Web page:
What is Aryepiglottic Fold Resection or Axial Division?
Horses that experience an upper airway disorder involving deviation of the aryepiglottic folds and the epiglottis causing respiratory obstruction, may require surgical intervention including aryepiglottic fold resection or axial division. This respiratory disorder is apparent during exercise and requires diagnosis during physical exertion which may be accomplished on a treadmill. Symptoms of this disorder are noisy inhalation or exhalation, poor performance due to respiratory difficulties and occasionally head shaking. The disorder manifests when the axial fold, which is a triangular opening at the larynx, and the epiglottis, which is the membrane that separates the airway from the esophagus, interfere with each other resulting in the epiglottis becoming entrapped or the aryepiglottic fold collapsing to obstruct the airway and larynx. Although anti-inflammatories may help treat this disorder, surgical intervention by a veterinarian is usually required to resect or axially divide tissues. In some cases, this procedure may be performed while standing on a sedated horse, or if the horse is uncooperative, general anesthetic may be required, General anesthesia is usually avoided if possible due to respiratory complications being present.
Aryepiglottic Fold Resection or Axial Division Procedure in Horses
If possible, general anesthesia is avoided, as existing respiratory problems are a risk factor in administration of anesthesia. Your horse will usually be sedated and local anesthetic applied to the area where tissue needs to be resected or divided. Specialized hook-like tools, with guards designed to minimize the risk of injuring the palate or other structures in the oral cavity, nasal passages, and throat may be used. Surgical instruments will be inserted through the nasal or oral cavity and tissue resected or divided to free the epiglottis. Alternately to specialized tools, laser may be used to free tissues and open airway obstruction. Aryepiglottic folds may be manipulated with forceps passed through the nasal or oral cavity and excised as required to free the blocked airway. After the procedure is complete, the horse is observed for signs of bleeding and recovery from sedation.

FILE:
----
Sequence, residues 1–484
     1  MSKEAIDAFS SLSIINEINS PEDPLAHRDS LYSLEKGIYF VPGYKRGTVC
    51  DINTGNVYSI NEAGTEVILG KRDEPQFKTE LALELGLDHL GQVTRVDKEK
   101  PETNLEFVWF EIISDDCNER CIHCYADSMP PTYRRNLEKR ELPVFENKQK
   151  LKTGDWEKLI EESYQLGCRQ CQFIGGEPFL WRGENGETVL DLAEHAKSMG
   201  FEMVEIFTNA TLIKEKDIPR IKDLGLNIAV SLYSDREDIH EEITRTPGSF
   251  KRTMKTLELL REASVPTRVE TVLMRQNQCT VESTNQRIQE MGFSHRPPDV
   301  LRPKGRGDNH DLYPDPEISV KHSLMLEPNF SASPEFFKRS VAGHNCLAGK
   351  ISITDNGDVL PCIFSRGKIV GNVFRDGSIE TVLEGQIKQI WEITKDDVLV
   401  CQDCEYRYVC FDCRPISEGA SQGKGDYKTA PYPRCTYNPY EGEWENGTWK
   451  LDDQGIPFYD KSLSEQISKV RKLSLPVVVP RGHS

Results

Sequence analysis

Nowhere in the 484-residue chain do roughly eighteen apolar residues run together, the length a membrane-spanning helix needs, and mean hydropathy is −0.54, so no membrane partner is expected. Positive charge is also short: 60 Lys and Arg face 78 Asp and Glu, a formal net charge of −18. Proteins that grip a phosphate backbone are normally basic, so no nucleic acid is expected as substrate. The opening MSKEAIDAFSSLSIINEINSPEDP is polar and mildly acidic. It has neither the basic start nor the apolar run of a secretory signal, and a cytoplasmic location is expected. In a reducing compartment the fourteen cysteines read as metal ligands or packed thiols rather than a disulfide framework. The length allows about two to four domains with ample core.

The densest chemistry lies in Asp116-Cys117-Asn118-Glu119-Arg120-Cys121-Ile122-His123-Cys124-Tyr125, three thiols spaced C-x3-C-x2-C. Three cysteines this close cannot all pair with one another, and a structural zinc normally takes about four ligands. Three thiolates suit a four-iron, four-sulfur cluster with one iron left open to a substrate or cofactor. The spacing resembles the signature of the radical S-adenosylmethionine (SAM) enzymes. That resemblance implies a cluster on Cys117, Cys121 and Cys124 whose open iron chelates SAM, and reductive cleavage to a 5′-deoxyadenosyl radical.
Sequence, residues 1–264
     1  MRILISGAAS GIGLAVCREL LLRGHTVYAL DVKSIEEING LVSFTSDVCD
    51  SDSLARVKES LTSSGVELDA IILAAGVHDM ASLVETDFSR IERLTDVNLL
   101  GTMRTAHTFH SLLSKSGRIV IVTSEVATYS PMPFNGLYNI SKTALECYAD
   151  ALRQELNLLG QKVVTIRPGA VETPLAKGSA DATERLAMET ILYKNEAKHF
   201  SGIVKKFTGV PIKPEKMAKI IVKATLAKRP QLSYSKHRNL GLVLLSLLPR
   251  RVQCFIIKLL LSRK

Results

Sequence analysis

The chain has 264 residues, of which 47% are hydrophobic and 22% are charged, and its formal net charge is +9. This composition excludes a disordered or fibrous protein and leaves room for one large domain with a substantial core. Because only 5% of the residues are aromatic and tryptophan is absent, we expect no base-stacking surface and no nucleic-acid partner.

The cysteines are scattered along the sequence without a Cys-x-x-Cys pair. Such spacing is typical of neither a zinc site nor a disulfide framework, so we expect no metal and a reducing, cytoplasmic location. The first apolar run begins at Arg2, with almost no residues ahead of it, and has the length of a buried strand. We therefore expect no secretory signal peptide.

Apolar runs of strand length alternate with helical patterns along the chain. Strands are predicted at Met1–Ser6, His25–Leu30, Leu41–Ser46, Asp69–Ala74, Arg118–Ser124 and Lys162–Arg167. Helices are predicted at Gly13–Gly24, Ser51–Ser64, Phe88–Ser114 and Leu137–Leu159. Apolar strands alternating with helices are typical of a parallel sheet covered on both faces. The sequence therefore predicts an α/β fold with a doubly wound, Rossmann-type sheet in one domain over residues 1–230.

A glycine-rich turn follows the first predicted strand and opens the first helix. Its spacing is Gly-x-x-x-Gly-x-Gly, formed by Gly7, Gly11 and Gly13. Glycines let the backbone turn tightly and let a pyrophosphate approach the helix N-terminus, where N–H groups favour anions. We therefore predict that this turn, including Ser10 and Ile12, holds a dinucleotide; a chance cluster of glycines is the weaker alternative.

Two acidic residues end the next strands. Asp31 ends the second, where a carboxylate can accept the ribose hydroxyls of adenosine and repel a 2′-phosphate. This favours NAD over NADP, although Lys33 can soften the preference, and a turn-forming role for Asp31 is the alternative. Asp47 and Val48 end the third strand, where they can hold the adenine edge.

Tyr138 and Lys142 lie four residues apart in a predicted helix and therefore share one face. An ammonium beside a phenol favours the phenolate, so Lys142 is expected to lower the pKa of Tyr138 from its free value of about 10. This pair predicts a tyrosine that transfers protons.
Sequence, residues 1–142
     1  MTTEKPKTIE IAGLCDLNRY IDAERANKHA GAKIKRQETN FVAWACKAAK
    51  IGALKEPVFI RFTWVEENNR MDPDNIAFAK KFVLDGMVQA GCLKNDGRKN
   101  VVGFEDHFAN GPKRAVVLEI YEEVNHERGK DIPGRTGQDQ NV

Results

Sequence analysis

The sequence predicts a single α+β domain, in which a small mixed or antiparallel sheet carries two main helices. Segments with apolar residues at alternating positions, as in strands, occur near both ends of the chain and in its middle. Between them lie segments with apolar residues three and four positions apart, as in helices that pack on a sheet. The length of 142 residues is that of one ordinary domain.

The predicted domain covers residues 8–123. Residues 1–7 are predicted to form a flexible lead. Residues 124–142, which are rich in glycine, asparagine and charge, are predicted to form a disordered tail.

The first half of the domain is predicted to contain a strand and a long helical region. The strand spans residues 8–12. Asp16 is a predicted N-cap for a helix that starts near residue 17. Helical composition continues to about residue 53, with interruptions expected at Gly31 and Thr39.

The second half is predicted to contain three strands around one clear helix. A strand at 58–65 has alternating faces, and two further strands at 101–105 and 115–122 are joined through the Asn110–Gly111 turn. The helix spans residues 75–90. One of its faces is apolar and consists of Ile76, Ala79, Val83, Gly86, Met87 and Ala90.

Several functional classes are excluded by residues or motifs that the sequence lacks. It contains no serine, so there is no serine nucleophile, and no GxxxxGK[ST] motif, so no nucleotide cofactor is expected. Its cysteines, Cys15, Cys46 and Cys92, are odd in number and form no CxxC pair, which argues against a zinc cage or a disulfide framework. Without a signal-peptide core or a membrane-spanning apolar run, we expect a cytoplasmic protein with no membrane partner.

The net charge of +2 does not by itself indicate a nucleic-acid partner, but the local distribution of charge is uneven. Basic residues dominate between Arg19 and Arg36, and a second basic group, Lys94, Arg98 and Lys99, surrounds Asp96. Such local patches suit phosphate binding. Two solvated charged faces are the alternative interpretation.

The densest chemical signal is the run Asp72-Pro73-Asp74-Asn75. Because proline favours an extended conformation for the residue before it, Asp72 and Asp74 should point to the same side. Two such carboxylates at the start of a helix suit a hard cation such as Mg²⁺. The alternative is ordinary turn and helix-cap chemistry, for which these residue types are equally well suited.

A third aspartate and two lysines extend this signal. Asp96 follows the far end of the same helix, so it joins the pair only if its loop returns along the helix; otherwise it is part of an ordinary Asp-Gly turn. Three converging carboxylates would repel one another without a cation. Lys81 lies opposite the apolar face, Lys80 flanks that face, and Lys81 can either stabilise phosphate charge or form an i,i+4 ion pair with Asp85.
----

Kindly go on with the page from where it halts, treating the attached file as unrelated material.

Efficacy of Aryepiglottic Fold Resection or Axial Division in Horses
The surgical procedure is associated with a high cure rate, with only a 5% or less recurrence rate. Occasionally, rest and anti-inflammatories are prescribed as an alternative to surgery, however, recovery is not as likely and recurrence is common.
Aryepiglottic Fold Resection or Axial Division Recovery in Horses
Horses undergoing this procedure should be observed closely for signs of hemorrhage, complications from surgical trauma caused by damage to other structures, and infection. Typically, some minor swelling occurs and recovery is complication-free. Your veterinarian may prescribe anti-inflammatories and antibiotics to be given post surgery as a precaution against issues. Recovery is typically complete and relatively fast. Most horses return to normal activity in three to six weeks.
Cost of Aryepiglottic Fold Resection or Axial Division in Horses
The cost of aryepiglottic fold resection or axial division in horses ranges from $2,000 to $5,000 depending on your location and the requirements for anesthetic and ancillary care and treatment.
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Horse Aryepiglottic Fold Resection or Axial Division Considerations
Traditional surgical instruments used to perform this procedure presented a risk for laceration of the airway and oral cavities, however, the development of advanced surgical tools with shields to mitigate this risk has made this procedure much safer.
Performing this procedure in a standing horse under sedation and local anesthetic results in better recovery with less complications, as anesthetic can present a risk, especially to horses experiencing respiratory issues.
Aryepiglottic Fold Resection or Axial Division Prevention in Horses
Closely monitoring your horse to discover respiratory issues and obtain treatment before complications such as infection sets in will result in less invasive treatment being required. Avoid overstressing or over-exercising young horses as they seem to be more prone to this condition.